I opened up the May 2006 issue of Wired Magazine to see an odd article by products editor Mark McClusky arguing in favor of digital distribution of comic books. McClusky writes,
The two biggest comics publishers, Marvel and DC, control huge back catalogs — as in 70 years of content. But if you want to read old issues of a venerable franchise like Spider-Man, your choices are either to hunt down expensive original copies or to buy costly paperback compilations. . . .
But imagine what these publishers — and smaller imprints — could do in the digital realm. Last year, thousands of readers snapped up The Complete New Yorker, a $100 DVD set containing scans of every issue of the magazine . . . If DC were to release The Complete Batman, fans wouldn’t just be excited — there would be mass hysteria. Comics lovers aren’t averse to spending money; it’s easy to imagine them happily paying $300 for such a compilation. I would. And while it might cannibalize sales of the trades, the radically lower production costs of a DVD set would offset the difference.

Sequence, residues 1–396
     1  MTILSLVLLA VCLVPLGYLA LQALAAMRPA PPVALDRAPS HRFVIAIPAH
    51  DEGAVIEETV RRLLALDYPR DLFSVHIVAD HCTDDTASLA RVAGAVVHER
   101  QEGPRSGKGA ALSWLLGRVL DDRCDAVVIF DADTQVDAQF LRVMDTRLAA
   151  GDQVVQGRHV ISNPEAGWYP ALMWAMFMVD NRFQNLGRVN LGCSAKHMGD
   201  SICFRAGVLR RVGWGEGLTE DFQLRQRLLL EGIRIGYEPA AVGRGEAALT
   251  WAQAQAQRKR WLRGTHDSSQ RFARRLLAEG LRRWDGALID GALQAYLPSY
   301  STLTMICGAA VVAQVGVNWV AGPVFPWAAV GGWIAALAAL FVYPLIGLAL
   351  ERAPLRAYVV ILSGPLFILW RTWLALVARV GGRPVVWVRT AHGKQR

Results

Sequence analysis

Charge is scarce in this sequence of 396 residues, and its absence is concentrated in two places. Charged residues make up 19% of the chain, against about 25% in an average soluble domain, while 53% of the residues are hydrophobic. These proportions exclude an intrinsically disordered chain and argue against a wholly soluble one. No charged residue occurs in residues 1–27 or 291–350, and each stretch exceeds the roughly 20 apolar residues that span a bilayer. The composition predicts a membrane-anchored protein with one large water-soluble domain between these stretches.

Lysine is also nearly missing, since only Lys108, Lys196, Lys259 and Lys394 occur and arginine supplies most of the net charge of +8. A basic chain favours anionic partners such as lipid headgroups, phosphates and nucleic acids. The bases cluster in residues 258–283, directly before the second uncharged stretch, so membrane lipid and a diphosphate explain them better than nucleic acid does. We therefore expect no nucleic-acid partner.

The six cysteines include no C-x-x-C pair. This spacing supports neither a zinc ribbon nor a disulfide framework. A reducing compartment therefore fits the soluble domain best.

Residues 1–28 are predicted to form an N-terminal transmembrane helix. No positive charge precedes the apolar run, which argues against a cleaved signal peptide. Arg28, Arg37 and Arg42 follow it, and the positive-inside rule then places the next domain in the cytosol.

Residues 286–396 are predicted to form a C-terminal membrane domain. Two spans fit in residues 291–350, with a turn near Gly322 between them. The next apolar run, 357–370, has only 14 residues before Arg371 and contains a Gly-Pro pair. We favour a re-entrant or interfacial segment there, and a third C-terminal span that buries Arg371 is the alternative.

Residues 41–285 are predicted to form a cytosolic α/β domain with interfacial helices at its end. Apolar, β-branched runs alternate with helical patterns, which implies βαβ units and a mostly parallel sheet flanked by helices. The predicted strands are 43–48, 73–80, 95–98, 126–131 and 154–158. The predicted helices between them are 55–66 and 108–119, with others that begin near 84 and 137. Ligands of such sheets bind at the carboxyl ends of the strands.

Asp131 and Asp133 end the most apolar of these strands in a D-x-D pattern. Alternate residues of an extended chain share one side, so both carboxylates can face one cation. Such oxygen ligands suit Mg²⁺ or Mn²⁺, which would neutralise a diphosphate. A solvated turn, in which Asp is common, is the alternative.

Yeah, imagine if instead of having to buy an expensive trade paperback to read all those early Spider-Man comics, you could buy a CD or DVD set that had the entire 40 year run of the book?
It’s such a good idea, Marvel did just that in 2004. It followed that up with DVD collections of the entire run of The Fantastic Four and X-Men with an Avengers DVD-ROM on the way (and for about $50 rather than $300; sadly, there was no mass hysteria or UFO sightings accompanying the release of any of these products).
Here’s an article idea for Wired — what if companies would create programs that would scan incoming e-mail and files for viruses and notify the user or automatically delete them before a user’s computer became infected? Wouldn’t that be a great idea? Probably worth a cover story, even.
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